Within industrials some capital was reallocated from DS Smith to Essentra. Whilst both businesses look broadly similar on EV/EBITDA metrics, Essentra’s total earnings include next to no contribution from its Packaging division which, despite accounting for 33% of group revenues, only broke even at the operating profit level at the recently reported interims as new management’s turnaround strategy begins to take hold. Group EBITDA margins at Essentra have fallen from c.19% to c.12% (see chart) ever since the acquisition of the specialist packaging division of Clondalkin in 2015. In today’s money, Clondalkin was acquired for the equivalent of one-third of Essentra’s current market cap and yet total group EBITDA is yet to reach the level it was prior to this acquisition. It is no wonder that shares have fallen 55% in relative terms since then and taken the CEO with it. Under the new CEO, Paul Forman, there are clear signs that the business has stabilised, with Packaging’s revenue like-for-likes (LfLs) set to be positive in the second half of this year for the first time in two-and-a-half years. This is an important first step in unlocking the latent earnings upside in this division as, with volumes returning, margins will recover thereby taking group EBITDA margins higher.
Essentra’s packaging division is one of only two multicontinental suppliers of secondary packaging to the global health and personal care sector and, alongside its filter division, means that near 60% of group revenues are non-cyclical in nature. This compares to DS Smith where EBITDA margins are already at all times highs and revenues are cyclical in nature. Additionally, DS Smith’s acquisition of Europac, its largest yet, will stretch the balance sheet to 2.5x net debt/EBITDA compared to Essentra’s 1.7x. Whilst DS Smith is likely to be able to reduce this leverage to 2.0x, it will not be without the sale of its high returning plastics division, which will potentially be dilutive to group returns. Despite the recent signs of progress, shares in Essentra have continued to underperform against the FTSE All-Share Total Return index and DS Smith, providing the Fund with opportunities to rebalance the holdings. The underperformance of Essentra’s shares has clearly also been puzzling the CEO, Paul Forman, who personally bought an additional £262k in shares over the last quarter.
One of the most recent additions to the portfolio, retirement housebuilder McCarthy & Stone, got off to a pleasing start. Last month’s FY18 trading update was, importantly, not accompanied with a profit warning following three in the last two years and also showed the group ending with net cash and renewed sales momentum. The Fund has watched this stock and engaged with its management ever since the first profit warning. However, it was not until the third warning, which was accompanied with a change in CEO (enacted by the new chairman who also chairs Essentra) and a complete change in strategy, that the Fund began building its position. Shares at the time offered an attractive margin of safety as they were trading at a 30% discount to tangible net book value and new management’s strategy – re-iterated at a strategy day on 25 September – moved the company away from a mindset of growth to one of delivering value from the existing assets through using new innovative build and ownerships models to broaden the appeal of the product and drive higher ROCE and margins. The Fund had long viewed previous management’s ambitious growth targets as unrealistic and dilutive to returns. It remains early days for this investment, with risks still remaining around the forthcoming ruling by the Department for Communities and Local Government’s (DCLG) on their proposal to reduce ground rents on new long leases to zero. Retirement homes remains a socially important and sensitive growth market for the government, so one would hope any ruling would, at the very least, not stifle this market. Even in the event of a negative ruling, the current valuation continues to offer an attractive margin of safety in combination with new management’s strategy.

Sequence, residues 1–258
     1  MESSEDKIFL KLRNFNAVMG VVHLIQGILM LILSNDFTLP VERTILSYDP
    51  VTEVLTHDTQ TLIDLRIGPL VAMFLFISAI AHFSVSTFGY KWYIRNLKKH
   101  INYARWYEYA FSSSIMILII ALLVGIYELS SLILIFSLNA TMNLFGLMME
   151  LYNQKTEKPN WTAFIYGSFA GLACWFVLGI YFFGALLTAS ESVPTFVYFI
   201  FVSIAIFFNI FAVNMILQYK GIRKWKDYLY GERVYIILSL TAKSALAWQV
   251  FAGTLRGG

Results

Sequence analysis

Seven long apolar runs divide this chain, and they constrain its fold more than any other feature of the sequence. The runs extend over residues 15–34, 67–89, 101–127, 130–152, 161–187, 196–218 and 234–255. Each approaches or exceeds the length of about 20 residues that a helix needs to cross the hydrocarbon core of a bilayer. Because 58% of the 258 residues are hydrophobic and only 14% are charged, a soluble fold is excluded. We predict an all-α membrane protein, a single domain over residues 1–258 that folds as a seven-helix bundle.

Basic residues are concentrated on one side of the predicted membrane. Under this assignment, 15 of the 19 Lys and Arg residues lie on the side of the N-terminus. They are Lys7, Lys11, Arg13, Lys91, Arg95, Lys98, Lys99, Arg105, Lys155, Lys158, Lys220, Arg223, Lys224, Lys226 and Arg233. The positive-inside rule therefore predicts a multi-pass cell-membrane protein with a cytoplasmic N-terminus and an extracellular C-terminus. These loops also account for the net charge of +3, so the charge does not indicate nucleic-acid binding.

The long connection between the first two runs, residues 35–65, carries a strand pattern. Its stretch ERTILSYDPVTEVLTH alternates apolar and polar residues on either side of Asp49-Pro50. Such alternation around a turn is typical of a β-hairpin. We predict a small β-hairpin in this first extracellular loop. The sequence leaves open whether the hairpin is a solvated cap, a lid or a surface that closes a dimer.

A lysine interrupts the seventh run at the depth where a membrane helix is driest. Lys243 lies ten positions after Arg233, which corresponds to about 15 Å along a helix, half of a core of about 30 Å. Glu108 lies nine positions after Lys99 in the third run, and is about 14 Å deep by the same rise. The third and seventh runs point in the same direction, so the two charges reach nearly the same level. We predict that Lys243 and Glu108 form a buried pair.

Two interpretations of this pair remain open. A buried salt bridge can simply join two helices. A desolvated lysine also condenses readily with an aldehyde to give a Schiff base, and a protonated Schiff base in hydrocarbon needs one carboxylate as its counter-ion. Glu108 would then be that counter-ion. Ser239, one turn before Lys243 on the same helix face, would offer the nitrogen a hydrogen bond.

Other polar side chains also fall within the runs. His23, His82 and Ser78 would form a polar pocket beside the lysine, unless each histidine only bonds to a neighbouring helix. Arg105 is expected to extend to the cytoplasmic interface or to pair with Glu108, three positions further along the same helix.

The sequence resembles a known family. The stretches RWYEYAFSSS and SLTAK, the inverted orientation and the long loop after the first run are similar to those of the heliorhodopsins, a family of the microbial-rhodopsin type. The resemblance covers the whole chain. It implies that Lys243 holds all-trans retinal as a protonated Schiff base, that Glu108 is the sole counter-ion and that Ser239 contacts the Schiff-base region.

Finally, interims from Morrisons (the Fund’s second largest holding) showed further strong trading in the form of accelerated wholesale activity and new store performances coming ahead of management expectations. Of particular note is the continued acceleration in cash returns to shareholders enabled by management’s cash-focused strategy; the interim dividend was increased 11.4% and accompanied by a maiden interim special dividend of 2.0p, implying a combined increase of 132% year-on-year. Despite this, the shares marginally underperformed over the month.
Alex Savvides, JOHCM UK Dynamic Fund